Archives for posts with tag: days of destruction days of revolt

The Party seeks power entirely for its own sake. We are not interested in the good of others; we are interested solely in power. Not wealth or luxury or long life or happiness: only power, pure power.

What pure power means you will understand presently. We are different from all the oligarchies of the past, in that we know what we are doing. All the others, even those who resembled ourselves, were cowards and hypocrites. The German Nazis and the Russian Communists came very close to us in their methods, but they never had the courage to recognize their own motives. They pretended, perhaps they even believed, that they had seized power unwillingly and for a limited time, and that just round the corner there lay a paradise where human beings would be free and equal.

We are not like that. We know that no one ever seizes power with the intention of relinquishing it. Power is not a means; it is an end. One does not establish a dictatorship in order to safeguard a revolution; one makes the revolution in order to establish the dictatorship.

The object of persecution is persecution. The object of torture is torture. The object of power is power.

– George Orwell, 1984

  • discontent that affects nearly all social classes
  • widespread feelings of entrapment and despair
  • unfulfilled expectations
  • a unified solidarity in opposition to a tiny power elite
  • a refusal by scholars and thinkers to continue to defend the actions of the ruling class
  • an inability of government to respond to the basic needs of citizens
  • a steady loss of will within the power elite itself, together with defections from the inner circle
  • a financial crisis

But it is Crane Brinton’s next observation that is most worth remembering. Revolutions always begin, he wrote, by making impossible demands that, if met, would mean the end of the old power configurations.

The whole history of the progress of human liberty shows that all concessions yet made to her august claims, have been born of earnest struggle. If there is no struggle there is no progress. T hose who profess to favor freedom and yet deprecate agitation are men who want crops without plowing up the ground. They want rain without thunder and lightning. They want the ocean without the awful roar of its many waters.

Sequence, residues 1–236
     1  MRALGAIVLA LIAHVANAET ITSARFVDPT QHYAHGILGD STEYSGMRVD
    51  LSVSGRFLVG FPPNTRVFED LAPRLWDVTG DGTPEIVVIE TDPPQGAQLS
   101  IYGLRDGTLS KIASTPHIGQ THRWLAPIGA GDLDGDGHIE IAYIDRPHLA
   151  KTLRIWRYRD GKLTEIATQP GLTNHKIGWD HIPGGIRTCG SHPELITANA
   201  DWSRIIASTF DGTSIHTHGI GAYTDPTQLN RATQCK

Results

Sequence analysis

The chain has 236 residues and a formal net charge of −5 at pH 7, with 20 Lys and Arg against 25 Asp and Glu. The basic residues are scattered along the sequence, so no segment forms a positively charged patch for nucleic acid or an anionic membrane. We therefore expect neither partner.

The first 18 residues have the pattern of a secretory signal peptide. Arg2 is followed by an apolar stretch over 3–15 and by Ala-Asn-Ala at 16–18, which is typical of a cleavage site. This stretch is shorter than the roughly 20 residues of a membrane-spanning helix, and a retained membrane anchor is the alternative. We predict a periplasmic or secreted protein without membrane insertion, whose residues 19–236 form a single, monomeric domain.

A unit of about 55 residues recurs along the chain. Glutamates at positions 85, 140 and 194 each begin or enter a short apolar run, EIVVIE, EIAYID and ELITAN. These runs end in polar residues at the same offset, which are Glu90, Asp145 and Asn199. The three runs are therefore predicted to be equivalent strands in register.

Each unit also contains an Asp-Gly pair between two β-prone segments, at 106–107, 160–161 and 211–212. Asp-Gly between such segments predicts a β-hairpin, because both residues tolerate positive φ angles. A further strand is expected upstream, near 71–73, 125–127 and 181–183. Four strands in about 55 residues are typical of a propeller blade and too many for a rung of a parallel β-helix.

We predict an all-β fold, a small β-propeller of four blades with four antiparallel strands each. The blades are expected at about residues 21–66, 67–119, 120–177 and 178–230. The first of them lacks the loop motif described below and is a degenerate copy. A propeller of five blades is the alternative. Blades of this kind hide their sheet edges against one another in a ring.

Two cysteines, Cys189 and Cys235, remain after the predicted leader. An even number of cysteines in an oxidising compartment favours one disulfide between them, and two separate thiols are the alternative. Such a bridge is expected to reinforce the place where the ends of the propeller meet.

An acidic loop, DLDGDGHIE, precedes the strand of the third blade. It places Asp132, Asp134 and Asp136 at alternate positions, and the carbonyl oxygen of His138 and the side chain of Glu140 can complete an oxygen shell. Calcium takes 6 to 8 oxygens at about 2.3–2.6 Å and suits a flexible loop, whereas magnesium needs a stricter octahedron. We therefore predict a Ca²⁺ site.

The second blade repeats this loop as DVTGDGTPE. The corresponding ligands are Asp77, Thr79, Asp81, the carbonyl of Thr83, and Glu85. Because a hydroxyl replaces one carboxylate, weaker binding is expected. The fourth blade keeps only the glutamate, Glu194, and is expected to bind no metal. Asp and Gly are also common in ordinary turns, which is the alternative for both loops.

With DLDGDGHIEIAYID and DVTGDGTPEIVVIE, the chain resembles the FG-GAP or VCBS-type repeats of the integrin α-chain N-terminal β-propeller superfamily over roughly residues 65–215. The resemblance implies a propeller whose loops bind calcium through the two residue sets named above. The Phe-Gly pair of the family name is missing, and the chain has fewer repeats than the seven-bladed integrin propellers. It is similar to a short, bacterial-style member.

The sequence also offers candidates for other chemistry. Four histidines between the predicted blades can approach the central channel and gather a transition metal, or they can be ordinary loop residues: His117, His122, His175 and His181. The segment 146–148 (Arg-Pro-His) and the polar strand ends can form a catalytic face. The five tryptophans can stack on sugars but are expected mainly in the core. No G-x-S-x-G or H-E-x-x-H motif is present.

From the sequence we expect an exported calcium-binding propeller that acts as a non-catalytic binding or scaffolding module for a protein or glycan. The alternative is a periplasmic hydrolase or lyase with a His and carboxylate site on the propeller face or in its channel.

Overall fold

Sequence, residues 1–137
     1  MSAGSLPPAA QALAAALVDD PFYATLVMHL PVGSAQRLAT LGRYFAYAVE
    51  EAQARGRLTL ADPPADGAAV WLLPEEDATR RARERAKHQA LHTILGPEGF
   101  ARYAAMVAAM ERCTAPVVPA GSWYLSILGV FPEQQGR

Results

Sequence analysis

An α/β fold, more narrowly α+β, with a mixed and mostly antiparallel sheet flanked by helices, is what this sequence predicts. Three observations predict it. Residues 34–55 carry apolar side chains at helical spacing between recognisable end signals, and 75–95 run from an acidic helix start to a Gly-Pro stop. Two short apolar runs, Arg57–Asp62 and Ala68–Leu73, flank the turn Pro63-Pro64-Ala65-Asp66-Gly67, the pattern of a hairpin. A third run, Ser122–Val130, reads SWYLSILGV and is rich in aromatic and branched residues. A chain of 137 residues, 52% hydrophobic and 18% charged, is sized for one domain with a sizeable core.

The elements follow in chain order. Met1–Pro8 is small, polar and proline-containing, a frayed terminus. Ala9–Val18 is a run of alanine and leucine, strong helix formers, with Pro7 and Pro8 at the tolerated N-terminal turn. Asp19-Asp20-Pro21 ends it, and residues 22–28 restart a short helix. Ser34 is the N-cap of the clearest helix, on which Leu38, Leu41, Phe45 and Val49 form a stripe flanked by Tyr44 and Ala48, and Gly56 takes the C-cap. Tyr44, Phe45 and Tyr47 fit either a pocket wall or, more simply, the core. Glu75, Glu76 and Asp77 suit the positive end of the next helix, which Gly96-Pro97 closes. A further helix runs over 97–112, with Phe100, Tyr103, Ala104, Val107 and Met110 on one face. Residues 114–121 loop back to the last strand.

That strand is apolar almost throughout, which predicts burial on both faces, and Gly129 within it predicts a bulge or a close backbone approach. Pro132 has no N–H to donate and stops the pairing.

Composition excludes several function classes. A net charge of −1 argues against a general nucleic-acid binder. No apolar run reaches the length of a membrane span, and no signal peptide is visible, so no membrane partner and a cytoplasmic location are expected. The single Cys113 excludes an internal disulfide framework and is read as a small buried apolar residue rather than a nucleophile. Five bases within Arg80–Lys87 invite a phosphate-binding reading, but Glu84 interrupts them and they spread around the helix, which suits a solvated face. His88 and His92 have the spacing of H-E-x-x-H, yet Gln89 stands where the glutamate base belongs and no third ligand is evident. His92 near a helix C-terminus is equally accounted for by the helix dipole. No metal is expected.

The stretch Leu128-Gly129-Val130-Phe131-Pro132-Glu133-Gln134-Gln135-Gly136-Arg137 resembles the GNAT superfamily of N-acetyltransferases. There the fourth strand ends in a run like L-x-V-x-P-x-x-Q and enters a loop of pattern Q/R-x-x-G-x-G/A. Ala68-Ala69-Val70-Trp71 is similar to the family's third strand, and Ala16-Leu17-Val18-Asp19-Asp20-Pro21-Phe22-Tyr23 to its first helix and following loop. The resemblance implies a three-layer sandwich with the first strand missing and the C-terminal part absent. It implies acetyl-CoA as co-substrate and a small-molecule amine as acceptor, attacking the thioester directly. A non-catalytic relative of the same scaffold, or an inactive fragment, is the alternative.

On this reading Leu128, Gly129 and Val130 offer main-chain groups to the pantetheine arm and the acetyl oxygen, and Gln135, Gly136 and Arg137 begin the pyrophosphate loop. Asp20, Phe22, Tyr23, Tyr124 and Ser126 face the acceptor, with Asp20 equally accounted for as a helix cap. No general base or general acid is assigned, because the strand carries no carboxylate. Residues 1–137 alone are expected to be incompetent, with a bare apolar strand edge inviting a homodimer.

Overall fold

The struggle may be a moral one, or it may be a physical one, or it may be both moral and physical, but it must be a struggle. Power concedes nothing without a demand. It never did and it never will. Find out just what any people will quietly submit to and you have found out the exact measure of injustice and wrong which will be imposed upon them, and these will continue till they are resisted with either words or blows, or with both. The limits of tyrants are prescribed by the endurance of those whom they oppress.

– Frederick Douglass

Among industrialized nations, the United States has the

  • highest poverty rate
  • greatest inequality of incomes
  • lowest government spending as a percentage of GDP on social programs for the disadvantaged
  • lowest average number of days for paid holiday, annual leaves and maternity leaves
  • lowest score on the United Nations index of “material well-being of children”
  • worst score on the United Nations gender inequality index
  • lowest social mobility
  • highest public and private expenditure on health care as a percentage of GDP

These trends are accompanied by the:

  • highest infant mortality rate
  • highest prevalence of mental-health problems
  • highest obesity rate
  • highest proportion of population going without health care due to cost
  • second-lowest birth-weight for children per capita, behind only Japan
  • highest consumption of antidepressants per capita
  • third-shortest life expectancy at birth, behind only Denmark and Portugal
  • highest carbon dioxide emissions and water consumption per capita
  • second-lowest score on the World Economic Forum’s environmental performance index, behind only Belgium
  • third-largest ecologist footprint per capita, behind only Belgium and Denmark
  • highest rate of failure to ratify international agreements
  • lowest spending on international development and humanitarian assistance as a percentage of GDP
  • highest military spending as a portion of GDP
  • highest international arm sales
  • fourth-worst balance of payments, behind only New Zealand, Spain and Portugal
  • third-lowest scores for student performance in math, behind only Portugal and Italy, and far from the top in both science and reading
  • second-highest high-school dropout rate, behind only Spain
  • highest homicide rate
  • largest prison population per capita